Characters Who Hate Each Other

Celeste and PerryLast week’s post focused on characters who miss each other. This week, the focus will be on those who HATE each other.

The hate might be full-blown or have some nuance, be mutual or mostly one-sided, be never-ending or come and go. It can feature jealousy, fury over harm done, or other elements. But it’s almost always visceral, and visceral can make for riveting reading.

There’s of course plenty of hate in the good vs. evil world of J.K. Rowling’s Harry Potter series — with the prime example being Harry vs. Voldemort. This is a case where Voldemort is guilty of starting all the hate, forcing Harry to respond.

In the non-wizard realm, there’s much venom from the manipulative Zenia — who makes life hellish for three women (Tony, Charis, and Roz) who thought Zenia was their friend in Margaret Atwood’s The Robber Bride. The trio eventually react to her hate with their own disdain.

Among the cast of Zadie Smith’s On Beauty are two professors — Howard Belsey and Monty Kipps. Howard dislikes the more successful Monty from a place of professional jealousy, and things get thoroughly unpleasant.

Hate can obviously lead to some justified revenge. In the 19th-century back story of Louis Sachar’s young-adult novel Holes, for instance, white teacher Kate and African-American onion seller Sam fall in love, and local racists subsequently murder Sam. The furious Kate kills one of those involved in the murder (a white sheriff), and becomes a justice-dispensing outlaw.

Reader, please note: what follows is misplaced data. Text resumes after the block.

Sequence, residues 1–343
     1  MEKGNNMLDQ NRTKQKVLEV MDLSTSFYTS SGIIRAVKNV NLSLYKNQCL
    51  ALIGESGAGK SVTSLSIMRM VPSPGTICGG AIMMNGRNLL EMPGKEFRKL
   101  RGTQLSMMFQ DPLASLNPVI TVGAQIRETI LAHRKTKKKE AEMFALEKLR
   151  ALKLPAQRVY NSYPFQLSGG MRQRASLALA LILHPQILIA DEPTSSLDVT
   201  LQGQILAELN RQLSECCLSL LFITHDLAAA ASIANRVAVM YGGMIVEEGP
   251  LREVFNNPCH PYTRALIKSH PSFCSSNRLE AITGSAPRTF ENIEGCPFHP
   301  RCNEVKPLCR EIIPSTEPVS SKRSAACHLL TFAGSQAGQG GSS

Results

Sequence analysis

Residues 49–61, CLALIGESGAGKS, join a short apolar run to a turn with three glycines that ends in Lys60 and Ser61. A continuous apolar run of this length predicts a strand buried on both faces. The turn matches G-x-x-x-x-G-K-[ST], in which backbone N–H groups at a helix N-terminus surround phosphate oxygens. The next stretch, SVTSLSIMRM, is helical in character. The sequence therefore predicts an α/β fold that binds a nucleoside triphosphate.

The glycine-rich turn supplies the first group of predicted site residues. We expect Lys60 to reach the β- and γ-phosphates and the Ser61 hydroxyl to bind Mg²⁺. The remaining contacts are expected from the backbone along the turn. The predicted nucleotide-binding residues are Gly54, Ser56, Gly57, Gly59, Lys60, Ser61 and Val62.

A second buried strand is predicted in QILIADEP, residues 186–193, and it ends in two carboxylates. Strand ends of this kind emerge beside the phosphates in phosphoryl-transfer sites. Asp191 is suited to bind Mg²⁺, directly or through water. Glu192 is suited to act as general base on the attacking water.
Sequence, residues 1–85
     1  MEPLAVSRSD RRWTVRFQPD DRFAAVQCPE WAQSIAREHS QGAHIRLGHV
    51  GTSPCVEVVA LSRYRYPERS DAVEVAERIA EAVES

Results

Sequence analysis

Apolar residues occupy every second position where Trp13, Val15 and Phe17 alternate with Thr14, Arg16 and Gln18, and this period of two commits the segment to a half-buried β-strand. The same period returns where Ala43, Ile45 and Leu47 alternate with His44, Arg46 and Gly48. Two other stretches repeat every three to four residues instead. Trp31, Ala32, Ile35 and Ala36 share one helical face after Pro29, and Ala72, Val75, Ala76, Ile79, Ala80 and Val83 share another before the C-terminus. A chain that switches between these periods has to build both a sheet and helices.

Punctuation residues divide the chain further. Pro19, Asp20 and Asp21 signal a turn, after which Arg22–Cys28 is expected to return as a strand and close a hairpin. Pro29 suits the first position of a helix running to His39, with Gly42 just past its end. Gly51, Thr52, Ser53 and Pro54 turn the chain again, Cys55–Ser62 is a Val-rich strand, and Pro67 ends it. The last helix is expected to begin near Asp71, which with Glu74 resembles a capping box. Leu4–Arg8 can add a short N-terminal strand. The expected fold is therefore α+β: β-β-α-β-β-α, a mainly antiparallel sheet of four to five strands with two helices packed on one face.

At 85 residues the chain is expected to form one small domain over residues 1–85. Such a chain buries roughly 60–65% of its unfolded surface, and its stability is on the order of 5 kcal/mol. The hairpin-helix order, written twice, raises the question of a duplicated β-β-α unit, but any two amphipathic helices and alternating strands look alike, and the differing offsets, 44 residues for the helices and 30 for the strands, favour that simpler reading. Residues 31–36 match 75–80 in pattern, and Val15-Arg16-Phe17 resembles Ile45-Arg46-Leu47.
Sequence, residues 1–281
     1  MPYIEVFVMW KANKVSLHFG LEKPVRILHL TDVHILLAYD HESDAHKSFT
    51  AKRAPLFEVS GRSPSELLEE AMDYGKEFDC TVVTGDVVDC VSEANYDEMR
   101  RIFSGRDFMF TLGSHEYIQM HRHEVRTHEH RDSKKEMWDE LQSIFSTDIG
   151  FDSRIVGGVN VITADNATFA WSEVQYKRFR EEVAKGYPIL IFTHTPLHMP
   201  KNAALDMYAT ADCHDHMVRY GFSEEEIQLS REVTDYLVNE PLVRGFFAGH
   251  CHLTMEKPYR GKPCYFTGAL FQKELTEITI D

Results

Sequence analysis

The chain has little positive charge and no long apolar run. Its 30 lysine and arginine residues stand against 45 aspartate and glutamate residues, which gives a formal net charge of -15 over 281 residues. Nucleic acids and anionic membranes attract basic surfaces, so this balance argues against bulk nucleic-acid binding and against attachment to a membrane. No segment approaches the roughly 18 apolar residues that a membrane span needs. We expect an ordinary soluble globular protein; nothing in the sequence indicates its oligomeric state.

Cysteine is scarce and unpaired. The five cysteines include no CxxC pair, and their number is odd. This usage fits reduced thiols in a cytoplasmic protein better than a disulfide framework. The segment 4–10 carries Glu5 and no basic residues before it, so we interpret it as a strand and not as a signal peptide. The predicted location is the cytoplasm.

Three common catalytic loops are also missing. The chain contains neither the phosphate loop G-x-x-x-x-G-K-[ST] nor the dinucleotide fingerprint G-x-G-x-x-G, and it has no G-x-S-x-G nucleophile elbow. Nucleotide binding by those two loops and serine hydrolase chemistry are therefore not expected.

Speaking of rotten law-enforcement people, the title character in Stephen King’s Rose Madder understandably hates and fears her abusive police-officer husband Norman. After Rose escapes the marriage, a magical painting she discovers helps her after Norman finds and tries to kill Rose.

And speaking of domestic abuse, Celeste loathes and fears her violent rich banker husband Perry — who puts on a good front to the rest of the world — in Liane Moriarty’s Big Little Lies. (The two characters are pictured above this post in the HBO version of the novel.)

And speaking of stone-cold racist characters hated by those whose lives he has made miserable, there’s Bob Ewell in Harper Lee’s To Kill a Mockingbird.

Upton Sinclair’s The Jungle features the beleaguered working-class couple Jurgis and Ona Rutkus, who have many reasons to hate Ona’s factory boss Phil Connor. Connor, like other employers in the novel, treats his laborers horribly — and is also sexually abusing Ona.

Sibling dislike can be intense, and there’s plenty of that between half-brothers Hank and the more intellectual/physically weaker Leland in Ken Kesey’s Sometimes a Great Notion. Things come to a head when Leland returns to Oregon after years on the East Coast.

There’s also a more intellectual/physically weaker motif in Jack London’s The Sea-Wolf, in which muscled brute Captain Wolf Larsen picks up the brainy/”soft” Humphrey van Weyden from a sinking ferry and forces him to stay on his ship. Things do become more equal as Humphrey gains strength and courage, and the strong dislike between him and Wolf is a key driver of the book’s climax.